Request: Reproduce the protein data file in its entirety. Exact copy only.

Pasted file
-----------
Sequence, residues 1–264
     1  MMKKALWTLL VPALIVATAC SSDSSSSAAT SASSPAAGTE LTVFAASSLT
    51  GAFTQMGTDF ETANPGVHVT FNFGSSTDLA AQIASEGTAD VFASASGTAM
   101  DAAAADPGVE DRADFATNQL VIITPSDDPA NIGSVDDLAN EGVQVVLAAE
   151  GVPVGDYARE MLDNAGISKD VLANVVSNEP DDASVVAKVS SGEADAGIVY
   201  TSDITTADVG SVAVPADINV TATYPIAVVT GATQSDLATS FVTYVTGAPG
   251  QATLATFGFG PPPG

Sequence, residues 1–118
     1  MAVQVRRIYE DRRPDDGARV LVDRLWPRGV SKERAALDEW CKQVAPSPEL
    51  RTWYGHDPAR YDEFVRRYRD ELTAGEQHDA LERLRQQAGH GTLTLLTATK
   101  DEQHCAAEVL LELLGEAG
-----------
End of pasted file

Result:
Sequence, residues 1–264
     1  MMKKALWTLL VPALIVATAC SSDSSSSAAT SASSPAAGTE LTVFAASSLT
    51  GAFTQMGTDF ETANPGVHVT FNFGSSTDLA AQIASEGTAD VFASASGTAM
   101  DAAAADPGVE DRADFATNQL VIITPSDDPA NIGSVDDLAN EGVQVVLAAE
   151  GVPVGDYARE MLDNAGISKD VLANVVSNEP DDASVVAKVS SGEADAGIVY
   201  TSDITTADVG SVAVPADINV TATYPIAVVT GATQSDLATS FVTYVTGAPG
   251  QATLATFGFG PPPG

Sequence, residues 1–118
     1  MAVQVRRIYE DRRPDDGARV LVDRLWPRGV SKERAALDEW CKQVAPSPEL
    51  RTWYGHDPAR YDEFVRRYRD ELTAGEQHDA LERLRQQAGH GTLTLLTATK
   101  DEQHCAAEVL LELLGEAG